I have another fun project to share with you, my miniature tool shed! One of my college friend’s mother had decided that miniatures was no longer a hobby she could enjoy due to age and health. They knew that I was starting up my own miniatures business. So she offered that I come and sort through her collection and take whatever I wanted, the rest would be donated.
I spent the better part of a day with her. We went through her collection while her husband and daughter continued to bring boxes down from the attic. It was honestly a little overwhelming the amount that she had. By the end of the day, my car was full of 4 or 5 moving boxes and 4 full sized 1:12 dollhouses.
One of my favorite little houses that immediately caught my attention was this empty little wooden greenhouse with a glass front and a glass roof. One of the roof support pieces was broken. The glass was cracked, but it just screamed that it needed to become a garden shed.
I already had a good amount of garden tools and outdoor accessories. Thanks to my friend’s mom, I had even more. Gathering everything I had, I started playing around with everything together. I quickly decided I needed to create a pegboard for the tools to hang on. I also wanted a bunch of fall leaves dusting the floor, but everything else I already had.
To create the pegboard, I used brown craft paper and drew a grid on one side. At the intersection of every grid line, I poked a hole with a sewing needle. It took FOREVER, but it looks great. Next, I then glued flat wooden trim around the sides, and hot glued the tools up. I considered making tiny wire hooks for the tools. I decided that tedious job could wait till another day or never.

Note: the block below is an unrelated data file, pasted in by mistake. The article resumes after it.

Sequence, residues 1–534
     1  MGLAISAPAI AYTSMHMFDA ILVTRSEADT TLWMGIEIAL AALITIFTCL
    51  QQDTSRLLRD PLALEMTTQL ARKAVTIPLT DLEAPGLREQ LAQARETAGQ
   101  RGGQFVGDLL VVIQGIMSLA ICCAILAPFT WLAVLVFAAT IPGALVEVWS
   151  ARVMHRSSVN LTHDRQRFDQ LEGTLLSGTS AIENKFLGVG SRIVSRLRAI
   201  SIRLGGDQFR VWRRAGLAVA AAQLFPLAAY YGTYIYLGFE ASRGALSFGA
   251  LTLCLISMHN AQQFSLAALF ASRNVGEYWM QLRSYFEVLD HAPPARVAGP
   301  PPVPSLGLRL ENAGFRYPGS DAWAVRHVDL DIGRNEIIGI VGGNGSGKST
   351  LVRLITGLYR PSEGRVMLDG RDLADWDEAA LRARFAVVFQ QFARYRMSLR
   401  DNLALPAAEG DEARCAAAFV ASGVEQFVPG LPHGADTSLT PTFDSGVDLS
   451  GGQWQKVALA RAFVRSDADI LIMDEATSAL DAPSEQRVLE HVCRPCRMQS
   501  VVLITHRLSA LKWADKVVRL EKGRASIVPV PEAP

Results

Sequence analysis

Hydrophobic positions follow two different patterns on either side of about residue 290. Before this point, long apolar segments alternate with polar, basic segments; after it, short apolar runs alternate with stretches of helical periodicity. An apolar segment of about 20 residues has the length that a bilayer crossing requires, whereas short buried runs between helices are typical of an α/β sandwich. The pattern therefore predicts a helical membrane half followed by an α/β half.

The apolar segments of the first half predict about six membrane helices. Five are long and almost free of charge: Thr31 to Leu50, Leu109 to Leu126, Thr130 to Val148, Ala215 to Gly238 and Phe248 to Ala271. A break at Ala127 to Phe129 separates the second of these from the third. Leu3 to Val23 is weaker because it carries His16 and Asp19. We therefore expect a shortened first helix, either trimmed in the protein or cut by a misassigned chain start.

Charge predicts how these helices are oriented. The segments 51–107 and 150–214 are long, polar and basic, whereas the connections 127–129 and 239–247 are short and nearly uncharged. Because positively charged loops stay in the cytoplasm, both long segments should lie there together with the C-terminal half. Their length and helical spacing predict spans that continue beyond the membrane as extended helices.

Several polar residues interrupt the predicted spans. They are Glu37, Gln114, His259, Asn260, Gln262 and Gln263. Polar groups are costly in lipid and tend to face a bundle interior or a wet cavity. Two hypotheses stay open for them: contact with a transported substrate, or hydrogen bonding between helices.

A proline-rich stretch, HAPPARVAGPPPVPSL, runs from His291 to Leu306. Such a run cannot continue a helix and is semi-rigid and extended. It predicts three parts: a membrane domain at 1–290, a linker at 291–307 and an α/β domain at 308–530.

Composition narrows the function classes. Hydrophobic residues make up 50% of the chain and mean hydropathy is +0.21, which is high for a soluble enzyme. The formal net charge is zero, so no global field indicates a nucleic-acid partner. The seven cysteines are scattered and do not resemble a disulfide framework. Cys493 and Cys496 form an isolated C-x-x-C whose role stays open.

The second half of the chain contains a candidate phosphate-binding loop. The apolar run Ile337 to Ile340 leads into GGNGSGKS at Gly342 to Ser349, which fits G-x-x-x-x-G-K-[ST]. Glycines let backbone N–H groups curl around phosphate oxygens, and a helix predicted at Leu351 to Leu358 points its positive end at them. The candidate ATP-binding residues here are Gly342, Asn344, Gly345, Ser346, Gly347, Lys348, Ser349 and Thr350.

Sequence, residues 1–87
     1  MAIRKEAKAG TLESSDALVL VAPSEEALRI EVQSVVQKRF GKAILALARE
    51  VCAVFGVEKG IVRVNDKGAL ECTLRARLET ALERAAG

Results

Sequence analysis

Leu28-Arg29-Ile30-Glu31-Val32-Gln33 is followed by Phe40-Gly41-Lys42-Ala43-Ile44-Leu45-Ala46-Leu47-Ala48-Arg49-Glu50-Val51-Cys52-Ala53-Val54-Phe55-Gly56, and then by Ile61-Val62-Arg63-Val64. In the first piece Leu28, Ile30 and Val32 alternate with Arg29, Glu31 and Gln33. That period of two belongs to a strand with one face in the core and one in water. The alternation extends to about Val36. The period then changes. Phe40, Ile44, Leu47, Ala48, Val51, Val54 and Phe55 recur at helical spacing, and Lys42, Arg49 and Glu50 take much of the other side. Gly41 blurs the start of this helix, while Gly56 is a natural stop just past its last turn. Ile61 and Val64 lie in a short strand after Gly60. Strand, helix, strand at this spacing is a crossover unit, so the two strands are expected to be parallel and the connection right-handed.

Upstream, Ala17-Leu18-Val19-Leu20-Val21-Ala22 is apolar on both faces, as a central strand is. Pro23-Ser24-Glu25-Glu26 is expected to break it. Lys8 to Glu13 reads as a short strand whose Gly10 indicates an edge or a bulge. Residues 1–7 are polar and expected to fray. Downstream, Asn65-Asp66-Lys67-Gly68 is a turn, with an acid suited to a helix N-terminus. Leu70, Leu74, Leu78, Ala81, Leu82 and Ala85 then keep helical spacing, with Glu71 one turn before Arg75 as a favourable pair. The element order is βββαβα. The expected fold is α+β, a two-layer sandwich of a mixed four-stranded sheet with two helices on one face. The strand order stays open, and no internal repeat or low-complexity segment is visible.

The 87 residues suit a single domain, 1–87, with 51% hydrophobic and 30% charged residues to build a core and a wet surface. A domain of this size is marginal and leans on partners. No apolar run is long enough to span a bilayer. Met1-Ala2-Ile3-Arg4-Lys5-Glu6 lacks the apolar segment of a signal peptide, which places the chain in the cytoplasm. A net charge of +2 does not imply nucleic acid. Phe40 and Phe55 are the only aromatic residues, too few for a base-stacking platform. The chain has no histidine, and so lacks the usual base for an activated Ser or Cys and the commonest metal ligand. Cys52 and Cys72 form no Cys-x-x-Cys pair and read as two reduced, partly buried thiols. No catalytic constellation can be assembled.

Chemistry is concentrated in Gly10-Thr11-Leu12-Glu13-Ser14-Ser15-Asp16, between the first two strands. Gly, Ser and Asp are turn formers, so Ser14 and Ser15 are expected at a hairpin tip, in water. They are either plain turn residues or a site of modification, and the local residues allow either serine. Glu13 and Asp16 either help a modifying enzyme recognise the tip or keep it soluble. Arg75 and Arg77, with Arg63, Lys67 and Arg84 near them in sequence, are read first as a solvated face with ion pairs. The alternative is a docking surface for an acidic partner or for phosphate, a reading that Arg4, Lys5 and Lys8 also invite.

As for the leaves, I have a number of scrapbooking hole punches. I punched 3 different leaf shapes in lots of different colors. I considered trying to make them ombre or even shiny, but decided it wasn’t worth my time for this one. In the future though, I’ve considered applying a thin coat of polyurethane on the paper. This would give the leaves a shiny glossy finish before punching them out.
Then I just started putting everything in place. Once I was happy with the arrangement, I used low-temp hot glue to glue everything down. While we don’t recommend using hot glue to assemble a dollhouse, it’s excellent for attaching furniture and accessories in a semi-permanent manner. Should I ever want to go back and remove something from my scene, it’s not impossible. (And actually a few things have since fallen down. It’s been a number of years and more than a few moves in between, so I don’t blame the glue for failing.)
Here you can see the miniature tool shed on display at the Columbus Miniature Show.
If you liked any of the tools or supplies I was using and think they might be helpful in your own miniatures adventure, I have Amazon Affiliate links to them for you. As an Amazon Associate I earn from qualifying purchases. Should you choose to purchase any of these, at no additional cost to you, I may earn a commission. Know that I only recommend products, tools, services and learning resources I’ve personally used and believe are genuinely helpful, not because of the small commissions I make if you decide to purchase them. Most of all, I would never advocate for buying something that you can’t afford, don’t feel comfortable with, or that you’re not yet ready to use.